Anyone try acupuncture to heal pain?

Posted:
in General Discussion edited January 2014
I've had enough of this tendonitis in both of my elbows. Golfer's elbow is what it's commonly referred as when the pain is on the inner part of the arm (versus tennis elbow which affects the outer part).



It's gotten so bad that I can barely curl a 5lb. dumbell. And after repeated exercises designed to strenthen the muscles connecting to the elbow, the pain is still there.



I'm thinking of alternative means such as acupuncture to rid me of this. Anyone have success or tried this ancient form of healing?

Comments

  • Reply 1 of 6
    seanmseanm Posts: 69member
    I tried acupuncture a few years ago for pain in the upper extremities. While it was a generally relaxing and positive experience, I noticed no decrease in the amount of pain.



    That doesn't mean it won't work for you though.





    On a slightly unrelated note, if you want to give your arm a rest from mousing, you could pick up a wireless mouse with a ball for navigation and try to learn to use it with your feet. Left big toe to navigate and right big toe to click the buttons. I know it sounds weird but it is actually quite doable.



    Hope you can find some relief!

    -sean
  • Reply 2 of 6
    kickahakickaha Posts: 8,760member
    I've had acupuncture once, as a teenager... a buddy and I were screwing around in the snow, and he shoved me into a snowbank... which was covering a fire hydrant.



    My elbow hit it, I couldn't move my arm, and it swelled like a balloon.



    Go to MD. "Well, nothing we can do for you, it's not broken, go home and ice it, maybe take some aspirin." Gee, thanks doc, and here's your $800 for an emergency visit. That was useful.



    On a whim, Mom called her chiropractor "I know this isn't his back, but could you take a look at it?"



    Four needles were inserted into my hand, one into my shoulder. I *watched* it deflate, and all the pain went away, and I could move it. Better yet, it stayed like that after he removed the needles.



    So... one for one for this patient. YMMV. I've had other people say it didn't do squat for them, for <name your affliction>, and others still swear by it. *shrug*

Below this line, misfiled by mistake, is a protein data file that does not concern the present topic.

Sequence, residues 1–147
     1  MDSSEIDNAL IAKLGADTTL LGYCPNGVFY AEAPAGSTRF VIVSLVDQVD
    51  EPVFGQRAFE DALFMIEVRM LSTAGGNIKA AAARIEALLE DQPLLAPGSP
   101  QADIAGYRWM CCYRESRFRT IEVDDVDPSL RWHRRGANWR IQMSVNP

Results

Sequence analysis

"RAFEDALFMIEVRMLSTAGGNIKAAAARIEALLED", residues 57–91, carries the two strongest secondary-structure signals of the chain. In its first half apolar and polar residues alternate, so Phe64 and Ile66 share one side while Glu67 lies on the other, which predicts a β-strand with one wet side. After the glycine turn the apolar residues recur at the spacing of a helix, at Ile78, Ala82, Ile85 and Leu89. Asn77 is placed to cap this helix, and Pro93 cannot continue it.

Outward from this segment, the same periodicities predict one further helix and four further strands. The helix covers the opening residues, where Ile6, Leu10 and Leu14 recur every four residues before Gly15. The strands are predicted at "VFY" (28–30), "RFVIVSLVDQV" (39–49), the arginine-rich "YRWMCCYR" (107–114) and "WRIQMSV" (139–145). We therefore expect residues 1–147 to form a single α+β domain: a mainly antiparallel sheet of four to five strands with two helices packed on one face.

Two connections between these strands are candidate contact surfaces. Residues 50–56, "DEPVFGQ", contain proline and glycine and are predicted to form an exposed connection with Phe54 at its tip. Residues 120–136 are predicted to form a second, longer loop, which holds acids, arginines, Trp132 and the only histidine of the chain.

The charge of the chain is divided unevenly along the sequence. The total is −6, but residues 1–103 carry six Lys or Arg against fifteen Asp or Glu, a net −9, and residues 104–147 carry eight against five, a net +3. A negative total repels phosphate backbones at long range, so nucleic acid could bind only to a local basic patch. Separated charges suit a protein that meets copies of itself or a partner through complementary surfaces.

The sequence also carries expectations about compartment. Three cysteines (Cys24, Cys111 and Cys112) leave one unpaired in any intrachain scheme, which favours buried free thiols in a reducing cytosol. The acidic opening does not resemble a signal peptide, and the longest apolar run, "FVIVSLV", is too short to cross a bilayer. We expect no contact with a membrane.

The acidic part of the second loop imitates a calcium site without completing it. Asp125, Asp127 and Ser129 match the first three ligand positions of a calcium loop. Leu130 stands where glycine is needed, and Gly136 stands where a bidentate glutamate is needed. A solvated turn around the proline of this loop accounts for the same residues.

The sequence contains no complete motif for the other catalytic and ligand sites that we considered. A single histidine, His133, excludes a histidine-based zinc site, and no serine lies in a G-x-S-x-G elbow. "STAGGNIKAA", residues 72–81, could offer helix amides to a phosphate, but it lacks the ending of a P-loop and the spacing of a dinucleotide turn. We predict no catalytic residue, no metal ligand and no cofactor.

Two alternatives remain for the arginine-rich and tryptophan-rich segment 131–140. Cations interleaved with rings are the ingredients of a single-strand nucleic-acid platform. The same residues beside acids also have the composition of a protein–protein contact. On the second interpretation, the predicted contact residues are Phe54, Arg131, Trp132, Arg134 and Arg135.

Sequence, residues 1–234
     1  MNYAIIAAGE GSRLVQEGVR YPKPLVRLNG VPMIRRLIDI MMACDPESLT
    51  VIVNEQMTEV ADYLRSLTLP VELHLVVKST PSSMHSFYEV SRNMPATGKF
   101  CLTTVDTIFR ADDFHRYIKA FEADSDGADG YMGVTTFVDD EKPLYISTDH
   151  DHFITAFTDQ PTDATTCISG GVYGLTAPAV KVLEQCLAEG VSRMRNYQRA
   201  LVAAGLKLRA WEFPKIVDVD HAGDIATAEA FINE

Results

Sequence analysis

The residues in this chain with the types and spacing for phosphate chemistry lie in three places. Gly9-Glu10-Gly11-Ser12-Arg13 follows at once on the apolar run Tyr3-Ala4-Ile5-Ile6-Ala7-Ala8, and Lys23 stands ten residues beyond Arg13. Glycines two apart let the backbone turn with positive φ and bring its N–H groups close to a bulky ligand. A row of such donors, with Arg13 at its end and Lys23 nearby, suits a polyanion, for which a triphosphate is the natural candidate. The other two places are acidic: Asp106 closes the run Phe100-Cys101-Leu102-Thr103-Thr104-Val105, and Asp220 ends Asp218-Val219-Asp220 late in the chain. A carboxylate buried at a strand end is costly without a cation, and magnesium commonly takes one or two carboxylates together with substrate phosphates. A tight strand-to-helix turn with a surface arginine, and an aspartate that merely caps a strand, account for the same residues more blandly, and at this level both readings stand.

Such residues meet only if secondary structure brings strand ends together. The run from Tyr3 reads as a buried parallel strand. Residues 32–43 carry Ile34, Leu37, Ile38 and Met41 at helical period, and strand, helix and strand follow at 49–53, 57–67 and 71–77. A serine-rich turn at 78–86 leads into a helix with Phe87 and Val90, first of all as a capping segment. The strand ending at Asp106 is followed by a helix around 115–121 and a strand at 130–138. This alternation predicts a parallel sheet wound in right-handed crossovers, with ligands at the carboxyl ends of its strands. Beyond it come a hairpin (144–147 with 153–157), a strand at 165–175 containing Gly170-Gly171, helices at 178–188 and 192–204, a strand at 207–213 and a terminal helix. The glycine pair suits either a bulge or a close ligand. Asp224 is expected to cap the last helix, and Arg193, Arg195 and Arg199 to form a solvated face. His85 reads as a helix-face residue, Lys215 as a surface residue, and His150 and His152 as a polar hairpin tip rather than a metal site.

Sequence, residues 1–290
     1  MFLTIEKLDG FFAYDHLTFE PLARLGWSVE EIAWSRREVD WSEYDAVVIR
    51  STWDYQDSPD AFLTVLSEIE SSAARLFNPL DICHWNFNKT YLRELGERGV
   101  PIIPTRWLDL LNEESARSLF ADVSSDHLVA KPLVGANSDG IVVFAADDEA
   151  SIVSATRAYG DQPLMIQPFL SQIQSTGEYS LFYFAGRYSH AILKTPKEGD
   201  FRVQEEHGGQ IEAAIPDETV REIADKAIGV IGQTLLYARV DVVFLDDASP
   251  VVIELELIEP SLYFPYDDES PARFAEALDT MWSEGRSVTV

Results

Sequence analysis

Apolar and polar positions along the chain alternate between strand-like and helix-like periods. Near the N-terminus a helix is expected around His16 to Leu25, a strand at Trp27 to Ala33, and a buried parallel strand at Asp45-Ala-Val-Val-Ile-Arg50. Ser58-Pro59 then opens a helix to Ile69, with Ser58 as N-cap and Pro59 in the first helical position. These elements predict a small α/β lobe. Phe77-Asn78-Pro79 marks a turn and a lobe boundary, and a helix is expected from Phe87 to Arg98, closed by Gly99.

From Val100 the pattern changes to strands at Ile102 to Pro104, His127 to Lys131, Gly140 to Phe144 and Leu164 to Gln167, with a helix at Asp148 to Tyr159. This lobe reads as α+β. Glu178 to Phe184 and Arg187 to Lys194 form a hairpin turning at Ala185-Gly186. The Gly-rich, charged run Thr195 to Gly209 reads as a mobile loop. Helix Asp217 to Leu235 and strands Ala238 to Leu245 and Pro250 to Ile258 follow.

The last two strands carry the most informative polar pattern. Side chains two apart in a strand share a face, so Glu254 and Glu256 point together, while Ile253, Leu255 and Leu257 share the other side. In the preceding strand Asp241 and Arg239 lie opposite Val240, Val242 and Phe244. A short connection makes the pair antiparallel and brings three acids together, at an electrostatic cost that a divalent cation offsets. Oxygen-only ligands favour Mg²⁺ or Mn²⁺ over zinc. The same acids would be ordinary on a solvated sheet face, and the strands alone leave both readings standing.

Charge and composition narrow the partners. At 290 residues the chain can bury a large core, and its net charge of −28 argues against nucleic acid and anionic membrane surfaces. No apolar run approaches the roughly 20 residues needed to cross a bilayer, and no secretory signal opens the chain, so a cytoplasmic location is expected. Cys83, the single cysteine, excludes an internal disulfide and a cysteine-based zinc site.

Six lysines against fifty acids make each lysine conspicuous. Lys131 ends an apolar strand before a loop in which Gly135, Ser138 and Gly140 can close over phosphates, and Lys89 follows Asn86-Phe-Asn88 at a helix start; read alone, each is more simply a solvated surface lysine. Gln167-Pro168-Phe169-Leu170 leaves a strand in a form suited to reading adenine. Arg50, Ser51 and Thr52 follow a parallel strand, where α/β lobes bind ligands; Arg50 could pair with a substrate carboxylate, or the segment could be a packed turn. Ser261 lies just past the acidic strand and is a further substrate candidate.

• Reply 3 of 6
    powerdocpowerdoc Posts: 8,123member
    Quote:

    Originally posted by Kickaha





    Go to MD. "Well, nothing we can do for you, it's not broken, go home and ice it, maybe take some aspirin." Gee, thanks doc, and here's your $800 for an emergency visit. That was useful.



    *shrug*




    For the record my wife who is a MD take only 30 ? for an emergency visit. According to the french law she can't ask more.
  • Reply 4 of 6
    kickahakickaha Posts: 8,760member
    Nice.
  • Reply 5 of 6
    jimdreamworxjimdreamworx Posts: 1,071member
    Tried it once for back pain. Did help a bit, but what I noticed since they were sticking the needles in me everywhere, the rest of my body, especially my legs felt revitalized. Later I find out that a bad back can put strain on your legs from a "real" doctor.



    Usually you don't focus on one area, but on the body as a whole, as the rest of the body can overcompensate for a weak area - and must be treated accordingly... or so the pin doc told me...
  • Reply 6 of 6
    norfanorfa Posts: 171member
    I had accupuncture for a back injury years ago. My regular doctor who was an anestsiologist spent 6 months of his life in China to learn it and used it all the time, no extra charge. After my back injury, I was able to sit up on his table, the first time I was able to sit up normally in three days. There was still pain, but I was able to function, and was back at work two days later. It seems to work a bit differently for everyone, but you can say the same thing about most drugs. If you can afford it, I'd say go for it.
Sign In or Register to comment.